Monday, April 03, 2023

Quantum Leap: Judgment Day

For a time travel show, Quantum Leap has been remarkably unconcerned with time paradoxes, until now. To make up for it, the season finale literally turns back the clock, leaping whole-heartedly into potential butterfly effects and time distortions. Dr. Ben Song is still trying to save his fiancée, Addison Augustine, but he will jeopardize the space-time continuum to do so in “Judgment Day,” which premieres tonight on NBC.

Everybody could be in very big trouble, because Song is about to leap into the future—and it does not look good. He cannot stay long, for technical reasons, but future Ian Wright has something important to tell him. Unfortunately, Song isn’t sure he gets it. Initially, the next leap should be easier, since he is familiar with his new host—himself. However, changing things will create paradoxes, since he would remember the original timeline. Nevertheless, he might just do so anyway.

Some of this season’s lesser episodes almost forgot about the time travel making each leap possible, focusing instead on social justice lectures or some pleasant but small stakes family drama. With “Judgment Day,” they compensate for lost opportunities. It also involves the full regular cast and the recurring Janis Calavicci and Richard Martinez (a.k.a. “Leaper X”), all of whom have key roles to play.

This episode was written by series story editor Margarita Matthews as was “Leap, Die, Repeat,” which was the only previous episode to really tackle time paradoxes and it that case, time loops. They are definitely the two episodes of the first season that most directly explore the theoretical dangers of time travel. “Judgment Day” is also the only episode to have action in more than two time periods.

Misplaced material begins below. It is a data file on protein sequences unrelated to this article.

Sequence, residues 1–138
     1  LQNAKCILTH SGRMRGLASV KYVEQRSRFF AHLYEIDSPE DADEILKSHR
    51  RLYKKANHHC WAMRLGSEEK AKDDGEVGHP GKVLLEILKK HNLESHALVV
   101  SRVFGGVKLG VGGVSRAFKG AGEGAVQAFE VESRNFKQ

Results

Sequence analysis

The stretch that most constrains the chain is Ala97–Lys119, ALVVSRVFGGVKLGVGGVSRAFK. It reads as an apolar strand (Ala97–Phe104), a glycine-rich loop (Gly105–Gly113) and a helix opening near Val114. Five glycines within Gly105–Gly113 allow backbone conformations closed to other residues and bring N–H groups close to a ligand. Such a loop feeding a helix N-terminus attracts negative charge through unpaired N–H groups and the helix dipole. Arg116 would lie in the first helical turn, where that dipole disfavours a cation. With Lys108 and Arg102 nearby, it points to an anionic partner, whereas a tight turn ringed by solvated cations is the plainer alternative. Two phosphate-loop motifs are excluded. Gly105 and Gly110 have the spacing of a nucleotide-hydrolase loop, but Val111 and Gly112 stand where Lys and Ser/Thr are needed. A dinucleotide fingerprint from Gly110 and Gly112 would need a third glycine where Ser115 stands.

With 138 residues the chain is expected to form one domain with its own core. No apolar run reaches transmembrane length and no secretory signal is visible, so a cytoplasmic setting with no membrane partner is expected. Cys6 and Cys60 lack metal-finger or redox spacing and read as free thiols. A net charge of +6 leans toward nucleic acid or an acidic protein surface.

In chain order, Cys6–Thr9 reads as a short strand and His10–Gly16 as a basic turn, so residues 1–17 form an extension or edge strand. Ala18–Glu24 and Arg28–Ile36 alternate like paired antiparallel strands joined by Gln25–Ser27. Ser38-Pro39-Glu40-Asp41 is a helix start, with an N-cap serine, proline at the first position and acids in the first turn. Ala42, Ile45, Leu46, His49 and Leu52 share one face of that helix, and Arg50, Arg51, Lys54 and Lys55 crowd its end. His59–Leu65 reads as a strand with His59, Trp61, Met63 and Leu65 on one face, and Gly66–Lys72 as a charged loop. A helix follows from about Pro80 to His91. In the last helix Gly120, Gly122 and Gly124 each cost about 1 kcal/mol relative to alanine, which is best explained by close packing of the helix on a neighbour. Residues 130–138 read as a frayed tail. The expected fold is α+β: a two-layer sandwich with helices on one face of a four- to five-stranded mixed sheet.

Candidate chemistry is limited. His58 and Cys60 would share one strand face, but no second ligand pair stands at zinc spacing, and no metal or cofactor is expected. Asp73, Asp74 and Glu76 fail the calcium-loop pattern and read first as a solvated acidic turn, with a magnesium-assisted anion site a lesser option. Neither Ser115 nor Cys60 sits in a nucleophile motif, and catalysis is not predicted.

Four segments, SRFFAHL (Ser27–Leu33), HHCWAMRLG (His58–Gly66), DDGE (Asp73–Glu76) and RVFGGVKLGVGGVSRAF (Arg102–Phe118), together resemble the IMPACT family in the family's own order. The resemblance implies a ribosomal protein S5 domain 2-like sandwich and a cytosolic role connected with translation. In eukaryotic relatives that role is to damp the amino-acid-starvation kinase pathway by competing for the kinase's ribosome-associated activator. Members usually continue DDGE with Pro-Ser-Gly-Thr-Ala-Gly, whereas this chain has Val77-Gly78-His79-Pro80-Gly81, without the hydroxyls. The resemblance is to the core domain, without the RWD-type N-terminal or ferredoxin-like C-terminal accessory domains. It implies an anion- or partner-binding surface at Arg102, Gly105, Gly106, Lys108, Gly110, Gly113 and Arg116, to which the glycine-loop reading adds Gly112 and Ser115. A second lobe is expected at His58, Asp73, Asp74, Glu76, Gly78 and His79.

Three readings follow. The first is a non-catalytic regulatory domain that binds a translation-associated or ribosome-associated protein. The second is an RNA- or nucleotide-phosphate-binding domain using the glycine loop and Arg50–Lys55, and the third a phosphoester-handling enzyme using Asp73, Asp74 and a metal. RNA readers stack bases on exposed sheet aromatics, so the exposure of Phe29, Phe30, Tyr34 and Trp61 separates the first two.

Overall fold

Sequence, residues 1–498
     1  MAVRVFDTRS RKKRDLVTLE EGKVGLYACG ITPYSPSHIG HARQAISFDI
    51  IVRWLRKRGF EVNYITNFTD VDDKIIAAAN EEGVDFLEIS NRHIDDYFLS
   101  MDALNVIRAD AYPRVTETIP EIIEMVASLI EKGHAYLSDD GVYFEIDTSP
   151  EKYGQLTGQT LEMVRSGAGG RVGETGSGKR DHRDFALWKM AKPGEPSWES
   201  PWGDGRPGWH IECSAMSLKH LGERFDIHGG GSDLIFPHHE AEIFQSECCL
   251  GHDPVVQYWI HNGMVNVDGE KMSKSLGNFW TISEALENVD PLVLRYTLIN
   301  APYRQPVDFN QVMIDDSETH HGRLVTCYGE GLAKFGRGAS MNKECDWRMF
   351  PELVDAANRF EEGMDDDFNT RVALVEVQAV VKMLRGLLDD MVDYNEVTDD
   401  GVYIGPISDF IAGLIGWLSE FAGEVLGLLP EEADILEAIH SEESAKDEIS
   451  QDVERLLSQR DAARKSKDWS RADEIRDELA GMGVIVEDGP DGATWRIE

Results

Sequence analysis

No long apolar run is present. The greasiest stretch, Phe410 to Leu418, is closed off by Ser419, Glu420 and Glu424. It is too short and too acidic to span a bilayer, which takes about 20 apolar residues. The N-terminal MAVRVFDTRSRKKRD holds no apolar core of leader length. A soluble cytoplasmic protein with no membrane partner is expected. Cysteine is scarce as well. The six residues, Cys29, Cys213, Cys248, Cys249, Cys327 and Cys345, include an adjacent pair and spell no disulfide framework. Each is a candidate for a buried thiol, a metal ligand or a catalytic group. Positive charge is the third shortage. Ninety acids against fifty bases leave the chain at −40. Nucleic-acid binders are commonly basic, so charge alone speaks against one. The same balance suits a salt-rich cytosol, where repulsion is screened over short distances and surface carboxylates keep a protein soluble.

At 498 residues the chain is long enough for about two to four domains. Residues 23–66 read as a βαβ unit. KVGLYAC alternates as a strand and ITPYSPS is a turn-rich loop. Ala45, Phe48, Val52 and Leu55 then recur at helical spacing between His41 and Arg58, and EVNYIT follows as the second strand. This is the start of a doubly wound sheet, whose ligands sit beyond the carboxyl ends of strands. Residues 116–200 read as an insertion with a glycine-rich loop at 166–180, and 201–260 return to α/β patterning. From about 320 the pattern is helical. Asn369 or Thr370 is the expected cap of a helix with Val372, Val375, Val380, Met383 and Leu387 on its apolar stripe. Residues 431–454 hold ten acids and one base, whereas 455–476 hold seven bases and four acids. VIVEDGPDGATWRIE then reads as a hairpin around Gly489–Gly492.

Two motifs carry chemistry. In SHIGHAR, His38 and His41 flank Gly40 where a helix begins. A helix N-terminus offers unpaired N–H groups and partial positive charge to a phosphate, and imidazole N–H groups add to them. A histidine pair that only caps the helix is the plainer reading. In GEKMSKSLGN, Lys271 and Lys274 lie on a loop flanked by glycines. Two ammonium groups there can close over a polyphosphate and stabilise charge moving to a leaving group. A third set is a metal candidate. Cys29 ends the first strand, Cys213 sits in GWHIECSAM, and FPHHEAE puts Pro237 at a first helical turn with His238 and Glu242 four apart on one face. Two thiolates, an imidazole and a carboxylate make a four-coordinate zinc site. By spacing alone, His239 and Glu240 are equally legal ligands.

Episode director Chris Grismer keeps the tension high, while economically incorporating a lot
Doctor Who-worthy time-talk. He also has the distinction of helming three of the season’s best episodes: “S.O.S.,” “Ye of Little Faith” (also written by Matthews), and “Judgment Night.”

There is some resolution in “Judgment Day,” but in one key aspect, it definitely keeps us hanging. Perhaps the only disappointment is the finale does not bring the continuation series full circle with the Scott Bakula original. Regardless, there should be plenty to follow-up on during the second season. “Judgment Day” is very definitely recommended for time travel fans—and weirdly, it might even work as a self-contained episode for viewers joining at the last minute, when it premieres tonight (4/3) on NBC. Overall, the entire first season (streaming on Peacock) is recommended, except the exhaustingly strident twelfth episode, which is largely inconsequential to the continuous story arc.